15. I've decided its time for me to get a head knife. I want a really good one that will work well and last, not make me trade in for another one down the line. I've heard that size is really important. I have lady's hand, and I don't want to order one off the internet that's too big.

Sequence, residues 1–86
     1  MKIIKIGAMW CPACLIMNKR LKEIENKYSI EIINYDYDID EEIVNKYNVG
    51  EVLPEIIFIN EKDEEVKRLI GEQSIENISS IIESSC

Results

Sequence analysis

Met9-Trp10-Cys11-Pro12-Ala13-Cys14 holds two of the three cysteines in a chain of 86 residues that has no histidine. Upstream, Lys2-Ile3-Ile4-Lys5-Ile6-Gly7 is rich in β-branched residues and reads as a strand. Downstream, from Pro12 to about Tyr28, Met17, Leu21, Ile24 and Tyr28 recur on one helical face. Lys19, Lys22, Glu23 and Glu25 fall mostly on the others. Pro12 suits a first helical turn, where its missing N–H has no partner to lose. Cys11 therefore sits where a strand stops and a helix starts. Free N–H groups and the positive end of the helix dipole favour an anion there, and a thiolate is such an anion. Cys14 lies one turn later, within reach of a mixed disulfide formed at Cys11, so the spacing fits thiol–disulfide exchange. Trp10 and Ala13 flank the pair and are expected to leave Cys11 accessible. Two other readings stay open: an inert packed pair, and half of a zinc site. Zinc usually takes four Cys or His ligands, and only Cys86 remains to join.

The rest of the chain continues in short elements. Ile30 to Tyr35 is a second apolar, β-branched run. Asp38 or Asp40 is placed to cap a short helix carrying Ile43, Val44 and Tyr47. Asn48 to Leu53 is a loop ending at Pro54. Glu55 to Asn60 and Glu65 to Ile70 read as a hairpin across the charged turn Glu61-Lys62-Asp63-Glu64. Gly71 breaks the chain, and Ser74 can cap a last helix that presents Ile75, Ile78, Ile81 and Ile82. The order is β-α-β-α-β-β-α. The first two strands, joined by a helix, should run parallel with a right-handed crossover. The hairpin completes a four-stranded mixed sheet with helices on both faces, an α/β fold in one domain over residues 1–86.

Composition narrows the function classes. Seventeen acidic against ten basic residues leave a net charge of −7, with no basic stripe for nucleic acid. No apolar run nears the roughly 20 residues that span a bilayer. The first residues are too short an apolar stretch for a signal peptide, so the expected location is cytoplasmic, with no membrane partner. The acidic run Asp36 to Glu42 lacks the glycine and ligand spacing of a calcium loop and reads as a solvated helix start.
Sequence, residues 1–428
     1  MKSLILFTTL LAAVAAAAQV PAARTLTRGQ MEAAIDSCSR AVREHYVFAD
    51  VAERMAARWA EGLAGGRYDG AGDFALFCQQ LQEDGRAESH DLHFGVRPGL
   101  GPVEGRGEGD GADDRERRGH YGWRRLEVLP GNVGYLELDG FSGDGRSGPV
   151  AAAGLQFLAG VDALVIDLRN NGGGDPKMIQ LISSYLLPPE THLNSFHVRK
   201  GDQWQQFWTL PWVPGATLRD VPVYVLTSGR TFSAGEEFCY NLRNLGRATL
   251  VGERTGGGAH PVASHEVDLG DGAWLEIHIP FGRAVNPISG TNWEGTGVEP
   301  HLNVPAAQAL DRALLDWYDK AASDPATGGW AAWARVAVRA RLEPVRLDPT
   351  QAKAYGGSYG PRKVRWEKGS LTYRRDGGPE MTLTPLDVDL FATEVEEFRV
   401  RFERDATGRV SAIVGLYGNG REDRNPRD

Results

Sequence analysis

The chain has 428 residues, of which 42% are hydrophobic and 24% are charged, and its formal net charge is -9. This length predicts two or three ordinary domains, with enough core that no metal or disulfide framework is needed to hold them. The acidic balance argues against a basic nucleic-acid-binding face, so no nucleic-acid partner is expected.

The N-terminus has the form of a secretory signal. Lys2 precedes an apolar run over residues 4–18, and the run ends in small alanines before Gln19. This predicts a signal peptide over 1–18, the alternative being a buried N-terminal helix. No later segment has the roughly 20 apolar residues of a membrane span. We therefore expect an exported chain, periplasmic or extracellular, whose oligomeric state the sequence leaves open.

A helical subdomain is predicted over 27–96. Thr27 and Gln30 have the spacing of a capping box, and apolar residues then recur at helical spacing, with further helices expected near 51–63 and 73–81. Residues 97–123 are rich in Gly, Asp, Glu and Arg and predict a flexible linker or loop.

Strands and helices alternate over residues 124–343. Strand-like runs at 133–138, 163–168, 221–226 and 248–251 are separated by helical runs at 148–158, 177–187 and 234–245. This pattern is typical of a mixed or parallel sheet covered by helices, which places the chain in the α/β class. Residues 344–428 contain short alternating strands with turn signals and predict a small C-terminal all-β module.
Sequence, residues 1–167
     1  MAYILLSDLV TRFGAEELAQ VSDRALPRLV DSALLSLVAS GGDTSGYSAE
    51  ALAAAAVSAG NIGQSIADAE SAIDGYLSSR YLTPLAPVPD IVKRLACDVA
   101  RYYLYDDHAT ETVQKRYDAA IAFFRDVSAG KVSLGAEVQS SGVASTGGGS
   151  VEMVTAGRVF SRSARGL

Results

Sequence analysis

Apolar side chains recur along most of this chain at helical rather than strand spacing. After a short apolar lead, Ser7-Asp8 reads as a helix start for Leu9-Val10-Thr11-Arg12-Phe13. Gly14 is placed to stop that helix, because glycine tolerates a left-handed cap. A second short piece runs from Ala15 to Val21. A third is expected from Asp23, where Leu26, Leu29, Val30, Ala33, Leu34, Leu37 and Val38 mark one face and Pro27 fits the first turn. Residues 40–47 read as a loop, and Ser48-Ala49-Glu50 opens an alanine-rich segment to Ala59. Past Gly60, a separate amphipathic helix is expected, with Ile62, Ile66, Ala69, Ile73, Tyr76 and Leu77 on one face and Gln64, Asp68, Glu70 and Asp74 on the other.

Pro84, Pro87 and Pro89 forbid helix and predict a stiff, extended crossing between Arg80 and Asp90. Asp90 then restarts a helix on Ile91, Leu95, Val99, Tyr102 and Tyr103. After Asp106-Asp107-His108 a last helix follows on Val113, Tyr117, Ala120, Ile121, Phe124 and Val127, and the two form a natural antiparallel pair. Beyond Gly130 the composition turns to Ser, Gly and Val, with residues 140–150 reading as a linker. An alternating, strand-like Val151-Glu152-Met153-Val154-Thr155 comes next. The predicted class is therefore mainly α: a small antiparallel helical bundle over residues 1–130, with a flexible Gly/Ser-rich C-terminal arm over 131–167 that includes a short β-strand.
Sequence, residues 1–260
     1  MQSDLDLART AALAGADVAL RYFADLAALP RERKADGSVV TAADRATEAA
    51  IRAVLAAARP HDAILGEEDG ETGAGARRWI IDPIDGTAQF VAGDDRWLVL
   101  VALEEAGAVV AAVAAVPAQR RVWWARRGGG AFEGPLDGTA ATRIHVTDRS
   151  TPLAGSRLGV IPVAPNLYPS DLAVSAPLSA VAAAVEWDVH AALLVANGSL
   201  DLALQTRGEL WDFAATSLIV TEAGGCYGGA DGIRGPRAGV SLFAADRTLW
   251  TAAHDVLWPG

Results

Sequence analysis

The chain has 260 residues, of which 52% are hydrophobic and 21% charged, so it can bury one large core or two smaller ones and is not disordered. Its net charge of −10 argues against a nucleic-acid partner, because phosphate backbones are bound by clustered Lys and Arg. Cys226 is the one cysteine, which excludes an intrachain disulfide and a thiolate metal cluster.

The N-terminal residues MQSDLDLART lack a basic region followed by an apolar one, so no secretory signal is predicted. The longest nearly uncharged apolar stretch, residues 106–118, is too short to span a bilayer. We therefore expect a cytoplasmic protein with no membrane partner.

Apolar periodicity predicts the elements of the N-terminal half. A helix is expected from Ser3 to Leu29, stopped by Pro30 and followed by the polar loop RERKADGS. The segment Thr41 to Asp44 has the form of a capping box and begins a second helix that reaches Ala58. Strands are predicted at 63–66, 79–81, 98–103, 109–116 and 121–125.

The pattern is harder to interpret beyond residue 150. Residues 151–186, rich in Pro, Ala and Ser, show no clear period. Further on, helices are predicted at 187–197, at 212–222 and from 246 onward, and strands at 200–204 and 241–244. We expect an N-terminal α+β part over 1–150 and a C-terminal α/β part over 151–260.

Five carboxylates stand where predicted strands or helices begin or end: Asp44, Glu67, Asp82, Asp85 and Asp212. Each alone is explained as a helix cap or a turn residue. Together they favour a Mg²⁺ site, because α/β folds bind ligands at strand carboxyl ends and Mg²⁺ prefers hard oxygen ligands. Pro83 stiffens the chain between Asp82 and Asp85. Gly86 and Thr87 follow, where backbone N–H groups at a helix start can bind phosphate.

16. So you can't afford much for a Head Knife? Don't worry, get an Abetta for $11 or so shipped. Or don't. I saw this and said, "I gotta see this!", and I did. This is what I received. Please note the rather large ding around the tip. Because of the way the metal crinkled, it took a pretty good wack. The black marks could have been generated by what it ran into or vice versa. HorseLoverZ was good about it and another is on it's way, they didn't want the damaged one back, so I decided to repair it. The handle is a little big, but is fine for my Hulk Hands (they are not green though). A lot of folks would want that trimmed down, and there is plenty of wood to sand down. Looking at the blade, we see the ding of the century on the edge near the tip. Another important factor are the words Pakistan and Stainless rolled into the blade. They (whoever they are) are obviously proud of that. Pakistan and stainless are usually synonymous with (often) a 300 series steel, so I pulled out the magnet, and voila, it is Martensitic, which is a plus, probably 420, they have been using that stuff for years, either theirs or the Chinese stuff. Now, on a very good day, with the best 420 (even 420J2), the best technician, using the best furnaces, will only be able to get this steel up to HRc 55. I've ground J2, and this ain't J2. Realizing this steel is going to be in the neighborhood of HRc 52 or below, I decide to tread lightly. I passed-up a P120 belt as being too aggressive, and boy was I right. I put-on a P220 belt and proceeded to grind new bevels that eliminated the ding and a little more using a 10° bevel angle for each bevel (this gives a 20° included angle), which is kind of my standard head knife grind; screaming sharp. I pulled up a burr on the first pass. Surprisingly, it took about 3 minutes to do the full grind back at the slowest speed, no sparks; this is 420, Boy Howdy. The way things were going, if I ran up through the grits, I wouldn't have any knife left. So I put-on a 6000 finishing belt, made a few passes and stopped. I got out the trusty strop (the very one I made in another DIY) and worked for a minute on that with .5 micron green compound. No cleanup on the blade, just treated like a user. Here is the result. Not great, but not bad for $11 and a few minutes time. But does it cut?????? Yea, it cuts, keep the strop handy and it will last a little while before a re-honing. All in all, it's $11 delivered and a little time, even with the ding. Is this a good head knife, not by some margin. But this knife can and should be used to teach you to sharpen, hone, and strop. Out of the bag, it won't cut leather or darned near anything else for that matter. You can buy one of these, and learn. If in the learning process, you destroy it, or grind it all the way down, what are you out. Try some new sharpening technique, or just practice your skills. If you are not having fun and learning, try something else. Art